The tents were empty, the applications lay blank and all was quiet on the Texas border Friday, but immigration authorities warned that thousands of Central Americans were "lying low" and hoping for a lapse in tighter federal restrictions.
"I don't think they will stop coming," said Juan Bautista Sanchez-Sanchez, a Nicaraguan who was detained after his application for asylum was denied. He said he left home after being arrested and beaten for marching against Nicaragua's Sandinista government."They will be coming not only for economic reasons, but for political reasons and I think they will come if I tell them that even if they get put in jail here, they will not get beaten up," he said.
But for now, the Immigration and Naturalization Service's tough new asylum policy has achieved its goal: a sharply reduced flow of Central Americans across the Texas border. Patrol officers all along the border said the policy has not yet resulted in an increase in illegal immigration, despite rumors that immigrants were shifting their point of entry westward to Laredo and El Paso.
"We're keeping an eye on the situation," said Jaime Arras of the U.S. Border Patrol Office in El Paso.
Border Patrol officers in Laredo also said they had seen no unusual activity.
But many Central Americans are presumed to be in Mexico, waiting their turn to make it past Border Patrol checkpoints and to their destinations in the interior.
"They are not stupid. They're lying low," said Silvestre Reyes, Border Patrol chief for the McAllen sector. "They're probably with a sympathizer, on their own or with an alien smuggler."
Since last spring, more than 100,000 Central Americans have crossed into the United States through the Rio Grande Valley around Brownsville, including 40,000 who have sought political asylum.
To control that flow, an army of INS workers and additional border patrol officers descended on the Texas border this week to carry out the tougher rules for asylum-seekers.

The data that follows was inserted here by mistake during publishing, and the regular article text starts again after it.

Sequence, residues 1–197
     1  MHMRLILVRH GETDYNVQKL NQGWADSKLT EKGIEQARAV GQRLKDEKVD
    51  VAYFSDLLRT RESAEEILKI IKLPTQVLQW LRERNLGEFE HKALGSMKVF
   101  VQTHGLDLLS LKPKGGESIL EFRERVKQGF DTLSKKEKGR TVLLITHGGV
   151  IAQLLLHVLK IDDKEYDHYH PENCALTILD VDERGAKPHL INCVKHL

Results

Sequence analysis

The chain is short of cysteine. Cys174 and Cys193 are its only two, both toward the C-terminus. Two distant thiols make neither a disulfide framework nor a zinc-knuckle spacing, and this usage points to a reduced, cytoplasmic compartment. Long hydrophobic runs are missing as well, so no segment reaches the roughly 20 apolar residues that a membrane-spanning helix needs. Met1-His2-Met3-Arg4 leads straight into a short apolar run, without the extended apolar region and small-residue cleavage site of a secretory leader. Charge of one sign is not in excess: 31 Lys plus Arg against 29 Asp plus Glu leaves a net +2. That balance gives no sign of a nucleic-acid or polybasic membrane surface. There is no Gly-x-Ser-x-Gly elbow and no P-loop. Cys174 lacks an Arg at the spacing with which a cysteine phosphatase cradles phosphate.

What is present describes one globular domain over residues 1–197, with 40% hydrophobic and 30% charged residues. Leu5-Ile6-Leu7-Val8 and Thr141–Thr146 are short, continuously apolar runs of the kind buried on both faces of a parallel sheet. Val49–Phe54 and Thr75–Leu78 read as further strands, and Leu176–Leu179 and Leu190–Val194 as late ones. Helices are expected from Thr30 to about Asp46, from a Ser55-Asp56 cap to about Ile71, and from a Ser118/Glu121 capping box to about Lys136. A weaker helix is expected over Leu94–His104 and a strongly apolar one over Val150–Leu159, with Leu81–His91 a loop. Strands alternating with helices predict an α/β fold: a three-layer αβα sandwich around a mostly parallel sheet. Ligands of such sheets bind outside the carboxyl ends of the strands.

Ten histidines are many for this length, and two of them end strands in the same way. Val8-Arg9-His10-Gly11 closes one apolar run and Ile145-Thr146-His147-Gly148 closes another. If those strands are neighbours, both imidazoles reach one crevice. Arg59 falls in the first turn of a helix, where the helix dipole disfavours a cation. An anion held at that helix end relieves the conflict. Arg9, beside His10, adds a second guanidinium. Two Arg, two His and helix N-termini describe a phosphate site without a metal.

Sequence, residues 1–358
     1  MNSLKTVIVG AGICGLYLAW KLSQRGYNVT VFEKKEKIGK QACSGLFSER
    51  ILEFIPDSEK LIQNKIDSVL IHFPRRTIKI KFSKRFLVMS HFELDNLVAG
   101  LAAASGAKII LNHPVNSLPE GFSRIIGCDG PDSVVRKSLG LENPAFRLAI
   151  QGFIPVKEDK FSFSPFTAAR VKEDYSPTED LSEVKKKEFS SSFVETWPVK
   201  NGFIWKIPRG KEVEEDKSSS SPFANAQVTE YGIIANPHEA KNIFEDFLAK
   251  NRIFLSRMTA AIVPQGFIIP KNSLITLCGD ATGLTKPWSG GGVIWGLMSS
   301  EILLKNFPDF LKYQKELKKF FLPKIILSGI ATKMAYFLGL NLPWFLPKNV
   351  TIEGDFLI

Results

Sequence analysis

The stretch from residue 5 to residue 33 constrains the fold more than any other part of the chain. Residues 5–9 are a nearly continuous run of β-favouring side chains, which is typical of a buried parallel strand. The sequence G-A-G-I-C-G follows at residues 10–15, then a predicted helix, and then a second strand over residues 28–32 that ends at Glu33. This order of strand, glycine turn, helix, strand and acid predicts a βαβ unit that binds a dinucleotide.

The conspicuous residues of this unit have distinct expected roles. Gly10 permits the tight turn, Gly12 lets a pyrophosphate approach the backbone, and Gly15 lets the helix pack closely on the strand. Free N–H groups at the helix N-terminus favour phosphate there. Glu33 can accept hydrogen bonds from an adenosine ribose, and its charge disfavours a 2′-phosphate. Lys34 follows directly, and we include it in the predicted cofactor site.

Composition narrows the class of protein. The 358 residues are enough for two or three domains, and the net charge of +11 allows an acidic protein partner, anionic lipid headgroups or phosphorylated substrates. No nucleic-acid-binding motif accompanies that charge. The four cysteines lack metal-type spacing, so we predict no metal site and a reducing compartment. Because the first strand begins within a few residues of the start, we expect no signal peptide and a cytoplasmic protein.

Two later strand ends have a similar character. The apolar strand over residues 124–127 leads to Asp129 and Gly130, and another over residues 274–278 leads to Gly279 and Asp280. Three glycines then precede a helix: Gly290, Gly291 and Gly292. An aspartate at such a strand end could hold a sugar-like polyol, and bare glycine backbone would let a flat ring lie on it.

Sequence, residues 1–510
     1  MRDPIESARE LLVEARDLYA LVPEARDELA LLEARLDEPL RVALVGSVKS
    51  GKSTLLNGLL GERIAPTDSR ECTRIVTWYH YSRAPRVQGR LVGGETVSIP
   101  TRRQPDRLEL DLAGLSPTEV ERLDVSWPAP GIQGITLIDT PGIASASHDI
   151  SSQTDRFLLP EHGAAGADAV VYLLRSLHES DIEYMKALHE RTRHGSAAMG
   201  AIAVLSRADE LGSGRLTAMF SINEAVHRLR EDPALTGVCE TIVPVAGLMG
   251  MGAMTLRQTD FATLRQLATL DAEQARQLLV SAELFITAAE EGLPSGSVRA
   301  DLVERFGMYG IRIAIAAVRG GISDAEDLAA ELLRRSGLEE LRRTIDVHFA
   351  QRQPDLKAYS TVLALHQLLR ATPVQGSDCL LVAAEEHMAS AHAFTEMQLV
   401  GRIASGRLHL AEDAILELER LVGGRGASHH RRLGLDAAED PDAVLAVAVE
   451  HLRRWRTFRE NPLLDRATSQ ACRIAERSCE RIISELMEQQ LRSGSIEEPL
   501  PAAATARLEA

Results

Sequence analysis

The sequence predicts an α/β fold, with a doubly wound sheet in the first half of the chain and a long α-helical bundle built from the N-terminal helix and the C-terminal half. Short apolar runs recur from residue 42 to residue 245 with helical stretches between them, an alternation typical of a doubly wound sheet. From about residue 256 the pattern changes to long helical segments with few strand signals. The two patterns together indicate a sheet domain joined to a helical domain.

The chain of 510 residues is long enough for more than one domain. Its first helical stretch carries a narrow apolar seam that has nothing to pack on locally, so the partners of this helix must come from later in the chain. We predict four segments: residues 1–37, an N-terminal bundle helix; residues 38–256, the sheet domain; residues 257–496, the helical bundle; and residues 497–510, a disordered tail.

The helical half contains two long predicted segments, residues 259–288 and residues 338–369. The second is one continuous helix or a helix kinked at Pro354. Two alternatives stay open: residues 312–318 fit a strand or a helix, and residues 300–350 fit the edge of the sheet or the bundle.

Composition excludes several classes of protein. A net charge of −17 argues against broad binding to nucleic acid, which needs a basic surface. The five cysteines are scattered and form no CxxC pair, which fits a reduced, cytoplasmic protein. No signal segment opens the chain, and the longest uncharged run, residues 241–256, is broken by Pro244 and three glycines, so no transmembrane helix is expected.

At the Port Isabel Service Processing Center, where an influx of asylum applicants was expected, giant tents were pitched to house detainees and dozens of typewriters were shipped to process applications. So far, none of the tents and few of the typewriters have been needed.
INS officers processed 233 applications for asylum on Tuesday, the first day of the new policy, but just 51 on Wednesday and 10 on Thursday. Only two of the more than 300 applicants were granted asylum.
"Nobody is coming to apply for asylum and that's sort of predictable when 99 percent of these folks are being thrown in jail here, so obviously people are going underground and they are not going to be going through the system anymore, which is a tragedy," said Mark Schneider, an attorney with the Harlingen-based Proyecto Libertad, which represents Central Americans.
Under the old INS procedures, immigrants applying for asylum had to wait weeks while their applications were processed, during which they were released on their own recognizance.
Under the new policy, applications are processed on the spot but those whose applications are denied are being held on bonds between $1,000 and $4,000.